Mawkish1983 wrote:The instinct to reprimand when a child endangers those around them can be very strong; is there a skillful way to do this that a belligerent child can not choose to ignore?
The duties of the teacher to his (her) pupil
1. To instruct him (her) well in matters concerning social life, customs and manners, as well as in the spiritual field. [--> here included are also duties of pupils]
2. To make sure that he (she) retains well what one teaches by making him repeat several times in the day.
3. To teach everything one knows without concealing anything.
4. To introduce him (her) to one's friends and associates so that he (she) can obtain a job.
5. To guarantee his (her) material and spiritual safety (recitation of protective texts).duties of the pupil to his (her) teacher
The duties of the pupil to his (her) teacher
1. To get up in sign of respect and go to receive him (her) when he (she) arrives.
2. To render him (her) a service if necessary.
3. To be eager to listen to his (her) advice.
4. If living with him (her), to help him (her) with the daily chores.
5. To try hard to learn what one does not yet know and not to forget what one has already learnt.
Are there any other high school (ages 11 - 18) teachers that use Dhammawheel? I was wondering what techniques or strategies the Theravada may teach that can help one maintain equanimity when faced with particularly challenging children. The instinct to reprimand when a child endangers those around them can be very strong; is there a skillful way to do this that a belligerent child can not choose to ignore?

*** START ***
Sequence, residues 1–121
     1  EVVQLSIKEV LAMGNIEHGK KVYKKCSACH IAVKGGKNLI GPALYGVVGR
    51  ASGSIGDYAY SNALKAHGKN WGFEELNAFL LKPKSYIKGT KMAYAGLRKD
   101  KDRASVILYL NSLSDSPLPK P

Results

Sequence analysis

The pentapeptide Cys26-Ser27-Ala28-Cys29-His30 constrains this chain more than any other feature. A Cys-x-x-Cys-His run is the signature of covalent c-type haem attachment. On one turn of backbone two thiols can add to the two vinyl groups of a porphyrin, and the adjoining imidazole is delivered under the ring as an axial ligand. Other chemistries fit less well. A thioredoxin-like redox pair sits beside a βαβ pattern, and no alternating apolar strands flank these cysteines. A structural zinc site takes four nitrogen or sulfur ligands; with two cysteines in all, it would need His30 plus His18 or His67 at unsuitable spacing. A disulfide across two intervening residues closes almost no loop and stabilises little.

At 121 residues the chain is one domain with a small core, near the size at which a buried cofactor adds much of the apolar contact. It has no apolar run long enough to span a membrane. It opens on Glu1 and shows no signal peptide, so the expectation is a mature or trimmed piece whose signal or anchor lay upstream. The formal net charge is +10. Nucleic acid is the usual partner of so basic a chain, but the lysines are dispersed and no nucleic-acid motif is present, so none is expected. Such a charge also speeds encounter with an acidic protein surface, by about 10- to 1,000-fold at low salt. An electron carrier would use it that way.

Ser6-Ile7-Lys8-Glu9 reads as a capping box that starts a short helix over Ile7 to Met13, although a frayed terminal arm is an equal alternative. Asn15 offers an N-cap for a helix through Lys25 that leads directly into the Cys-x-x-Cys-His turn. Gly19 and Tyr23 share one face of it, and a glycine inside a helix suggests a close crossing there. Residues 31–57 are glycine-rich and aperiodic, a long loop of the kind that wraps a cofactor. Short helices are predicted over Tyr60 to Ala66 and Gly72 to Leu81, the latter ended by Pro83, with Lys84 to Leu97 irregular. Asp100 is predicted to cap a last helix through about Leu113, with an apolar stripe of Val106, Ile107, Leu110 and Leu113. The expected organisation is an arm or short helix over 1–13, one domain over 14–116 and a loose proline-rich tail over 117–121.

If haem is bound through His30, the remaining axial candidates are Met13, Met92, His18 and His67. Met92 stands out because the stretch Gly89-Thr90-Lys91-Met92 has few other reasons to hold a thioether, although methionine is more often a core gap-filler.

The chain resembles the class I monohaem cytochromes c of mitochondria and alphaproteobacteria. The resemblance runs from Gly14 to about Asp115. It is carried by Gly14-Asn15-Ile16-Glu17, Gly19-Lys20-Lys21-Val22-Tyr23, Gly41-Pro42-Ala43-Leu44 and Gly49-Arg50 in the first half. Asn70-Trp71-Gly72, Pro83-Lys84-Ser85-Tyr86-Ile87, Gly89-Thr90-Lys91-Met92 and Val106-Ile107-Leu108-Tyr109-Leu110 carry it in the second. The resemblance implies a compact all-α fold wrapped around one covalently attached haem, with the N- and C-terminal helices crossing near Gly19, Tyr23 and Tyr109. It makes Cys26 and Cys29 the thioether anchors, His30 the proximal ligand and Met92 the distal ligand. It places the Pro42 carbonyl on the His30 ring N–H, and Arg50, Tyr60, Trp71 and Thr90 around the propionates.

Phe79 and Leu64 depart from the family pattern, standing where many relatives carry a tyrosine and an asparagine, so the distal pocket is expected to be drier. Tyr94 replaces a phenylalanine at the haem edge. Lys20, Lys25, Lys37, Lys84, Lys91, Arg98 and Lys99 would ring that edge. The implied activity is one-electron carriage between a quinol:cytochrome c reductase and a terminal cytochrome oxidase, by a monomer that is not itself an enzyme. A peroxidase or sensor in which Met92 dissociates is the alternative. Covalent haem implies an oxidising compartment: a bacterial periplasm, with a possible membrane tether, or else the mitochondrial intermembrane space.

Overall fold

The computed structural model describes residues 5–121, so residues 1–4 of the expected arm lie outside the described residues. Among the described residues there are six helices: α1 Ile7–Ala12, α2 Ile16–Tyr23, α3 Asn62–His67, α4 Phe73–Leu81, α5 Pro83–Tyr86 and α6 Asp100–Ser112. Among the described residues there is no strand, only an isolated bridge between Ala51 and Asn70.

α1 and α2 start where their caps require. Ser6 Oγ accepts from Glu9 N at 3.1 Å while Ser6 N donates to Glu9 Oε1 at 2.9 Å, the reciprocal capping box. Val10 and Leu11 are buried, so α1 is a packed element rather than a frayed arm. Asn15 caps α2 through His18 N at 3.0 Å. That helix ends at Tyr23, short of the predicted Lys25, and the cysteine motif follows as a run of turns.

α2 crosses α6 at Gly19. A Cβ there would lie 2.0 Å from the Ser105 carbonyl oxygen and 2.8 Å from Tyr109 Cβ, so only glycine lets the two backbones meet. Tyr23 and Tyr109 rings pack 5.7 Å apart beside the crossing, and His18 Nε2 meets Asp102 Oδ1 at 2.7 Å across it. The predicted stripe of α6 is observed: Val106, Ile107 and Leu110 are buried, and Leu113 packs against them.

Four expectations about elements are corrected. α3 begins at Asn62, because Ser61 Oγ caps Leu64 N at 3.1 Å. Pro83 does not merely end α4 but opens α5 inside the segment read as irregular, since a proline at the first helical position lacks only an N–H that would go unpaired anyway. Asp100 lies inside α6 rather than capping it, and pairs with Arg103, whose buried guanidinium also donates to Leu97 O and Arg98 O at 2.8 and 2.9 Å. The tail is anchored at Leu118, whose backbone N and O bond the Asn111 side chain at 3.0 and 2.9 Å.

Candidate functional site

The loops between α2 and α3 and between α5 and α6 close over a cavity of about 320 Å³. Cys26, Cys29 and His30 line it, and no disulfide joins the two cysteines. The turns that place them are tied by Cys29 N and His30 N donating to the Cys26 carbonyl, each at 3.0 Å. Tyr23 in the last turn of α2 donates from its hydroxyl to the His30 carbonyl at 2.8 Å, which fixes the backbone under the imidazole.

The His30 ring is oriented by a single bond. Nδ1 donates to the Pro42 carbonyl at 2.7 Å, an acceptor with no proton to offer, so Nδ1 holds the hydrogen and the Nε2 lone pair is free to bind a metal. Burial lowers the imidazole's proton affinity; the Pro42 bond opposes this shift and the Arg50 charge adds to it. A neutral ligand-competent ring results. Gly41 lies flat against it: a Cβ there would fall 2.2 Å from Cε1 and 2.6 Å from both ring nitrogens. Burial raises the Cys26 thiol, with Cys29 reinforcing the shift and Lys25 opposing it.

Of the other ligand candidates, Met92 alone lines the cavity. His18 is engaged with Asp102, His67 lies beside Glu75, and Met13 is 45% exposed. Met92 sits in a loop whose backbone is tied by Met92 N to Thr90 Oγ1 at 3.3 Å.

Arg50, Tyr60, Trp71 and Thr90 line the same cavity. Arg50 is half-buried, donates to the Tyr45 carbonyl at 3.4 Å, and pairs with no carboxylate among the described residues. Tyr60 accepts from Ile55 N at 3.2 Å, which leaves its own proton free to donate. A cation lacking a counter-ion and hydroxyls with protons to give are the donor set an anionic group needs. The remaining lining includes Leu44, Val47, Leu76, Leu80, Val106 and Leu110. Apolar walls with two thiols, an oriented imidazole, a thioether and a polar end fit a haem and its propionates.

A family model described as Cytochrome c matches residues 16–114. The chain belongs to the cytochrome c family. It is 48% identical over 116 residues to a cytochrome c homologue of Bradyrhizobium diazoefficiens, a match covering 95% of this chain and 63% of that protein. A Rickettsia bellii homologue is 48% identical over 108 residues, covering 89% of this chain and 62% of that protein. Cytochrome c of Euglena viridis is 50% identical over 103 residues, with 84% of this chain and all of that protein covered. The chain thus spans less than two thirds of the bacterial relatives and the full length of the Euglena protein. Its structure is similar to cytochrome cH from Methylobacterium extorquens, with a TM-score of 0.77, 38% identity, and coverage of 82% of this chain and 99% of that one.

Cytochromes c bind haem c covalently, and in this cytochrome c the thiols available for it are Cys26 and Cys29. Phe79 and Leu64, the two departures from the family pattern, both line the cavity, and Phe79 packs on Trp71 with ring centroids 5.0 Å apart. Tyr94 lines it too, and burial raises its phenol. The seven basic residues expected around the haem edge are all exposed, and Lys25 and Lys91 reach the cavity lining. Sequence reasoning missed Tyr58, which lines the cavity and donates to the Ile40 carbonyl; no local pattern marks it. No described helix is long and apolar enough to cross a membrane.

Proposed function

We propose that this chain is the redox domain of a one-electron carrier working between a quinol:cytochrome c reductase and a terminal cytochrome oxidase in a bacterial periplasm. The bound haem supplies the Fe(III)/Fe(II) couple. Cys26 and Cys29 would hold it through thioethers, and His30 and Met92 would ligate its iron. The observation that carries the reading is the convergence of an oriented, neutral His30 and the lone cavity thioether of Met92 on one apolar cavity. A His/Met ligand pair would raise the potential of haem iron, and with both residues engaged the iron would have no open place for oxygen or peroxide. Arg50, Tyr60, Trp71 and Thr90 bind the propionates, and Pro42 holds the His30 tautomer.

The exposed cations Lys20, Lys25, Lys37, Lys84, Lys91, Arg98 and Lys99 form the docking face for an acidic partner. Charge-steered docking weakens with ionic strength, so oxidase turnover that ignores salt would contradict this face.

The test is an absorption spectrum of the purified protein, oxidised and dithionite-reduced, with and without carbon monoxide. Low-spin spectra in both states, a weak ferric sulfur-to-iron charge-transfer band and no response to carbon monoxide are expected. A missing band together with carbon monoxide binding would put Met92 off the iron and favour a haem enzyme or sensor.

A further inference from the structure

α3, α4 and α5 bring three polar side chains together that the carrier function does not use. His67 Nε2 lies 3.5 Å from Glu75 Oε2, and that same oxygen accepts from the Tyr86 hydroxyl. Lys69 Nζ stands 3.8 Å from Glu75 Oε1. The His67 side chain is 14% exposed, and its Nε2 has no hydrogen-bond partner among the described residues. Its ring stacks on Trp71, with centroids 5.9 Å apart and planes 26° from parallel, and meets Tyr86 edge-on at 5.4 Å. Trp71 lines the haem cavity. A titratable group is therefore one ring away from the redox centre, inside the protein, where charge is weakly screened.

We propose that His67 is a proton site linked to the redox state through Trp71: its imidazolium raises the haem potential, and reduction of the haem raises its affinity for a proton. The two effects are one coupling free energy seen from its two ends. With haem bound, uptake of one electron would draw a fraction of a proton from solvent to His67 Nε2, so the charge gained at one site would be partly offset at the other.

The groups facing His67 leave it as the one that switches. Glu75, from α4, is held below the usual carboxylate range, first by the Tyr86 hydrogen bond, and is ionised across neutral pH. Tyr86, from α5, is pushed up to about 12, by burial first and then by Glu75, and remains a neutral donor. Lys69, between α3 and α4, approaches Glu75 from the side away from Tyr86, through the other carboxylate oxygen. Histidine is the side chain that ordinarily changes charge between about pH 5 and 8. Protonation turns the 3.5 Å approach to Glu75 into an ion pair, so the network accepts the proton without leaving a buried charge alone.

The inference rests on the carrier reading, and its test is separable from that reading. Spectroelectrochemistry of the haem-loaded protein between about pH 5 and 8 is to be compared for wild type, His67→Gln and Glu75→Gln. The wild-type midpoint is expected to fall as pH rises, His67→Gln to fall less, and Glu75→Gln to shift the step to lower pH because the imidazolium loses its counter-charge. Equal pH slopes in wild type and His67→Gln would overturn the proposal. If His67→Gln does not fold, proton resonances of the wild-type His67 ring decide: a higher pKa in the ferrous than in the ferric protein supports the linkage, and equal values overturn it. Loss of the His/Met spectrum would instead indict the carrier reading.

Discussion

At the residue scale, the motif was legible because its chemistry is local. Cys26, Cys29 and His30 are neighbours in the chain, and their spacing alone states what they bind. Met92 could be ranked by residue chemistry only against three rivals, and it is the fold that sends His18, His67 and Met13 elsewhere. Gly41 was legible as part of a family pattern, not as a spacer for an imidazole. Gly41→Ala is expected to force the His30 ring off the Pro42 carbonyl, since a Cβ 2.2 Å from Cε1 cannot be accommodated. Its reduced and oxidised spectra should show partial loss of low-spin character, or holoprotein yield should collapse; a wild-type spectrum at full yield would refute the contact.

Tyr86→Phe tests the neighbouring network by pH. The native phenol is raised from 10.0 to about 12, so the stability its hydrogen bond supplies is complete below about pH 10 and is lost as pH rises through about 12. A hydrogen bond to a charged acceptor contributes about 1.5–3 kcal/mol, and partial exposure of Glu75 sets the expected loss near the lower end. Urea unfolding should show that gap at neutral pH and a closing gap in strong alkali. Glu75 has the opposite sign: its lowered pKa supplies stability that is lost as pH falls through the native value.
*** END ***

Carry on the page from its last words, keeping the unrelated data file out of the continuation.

Thank you in advance.
You schoolteachers are a mold for forming people, so you should turn toward the direction of the Dhamma and practice the Dhamma. Behave yourselves in a way that can be an example for others. You're like a mold for making Buddha amulets. Have you ever seen one? Just a single mold: They carve it well, carving the face, the eyebrows, the chin so that they aren't crooked or missing anything, so that the Buddha amulets they stamp out of it will come out beautiful. And when they come out they really are beautiful because of that one good mold.
It's the same with schoolteachers, who are molds for their students and for people at large. You have to make yourselves beautiful in terms of the personal qualities of a good teacher. You always have to behave in line with your ethical discipline and the pattern of a leader and guide. Abandon all forms of intoxication and unskillful behavior. Try to restore high standards of morality. You have to be a good example to the children.
Children are like vines. Wherever a vine sprouts up, it has to look for a tree to climb up. If one tree is 15 centimeters away and another 10 meters away, which tree do you think the vine will climb up? It'll climb up the nearest tree. It's probably not going to climb up the tree 10 meters away because that one is too far off.
In the same way, schoolteachers are the people closest to their students. They're the people who children are most likely to take as examples. So it's essential that you schoolteachers have good manners and standards of behavior — in terms of what you should do and should abandon — for children to see. Don't teach them just with your mouths. The way you stand, the way you walk, the way you sit — your every movement, your every word — you have to make into a teaching for the children. They'll follow your example because children are quick to pick things up. They're quicker than adults.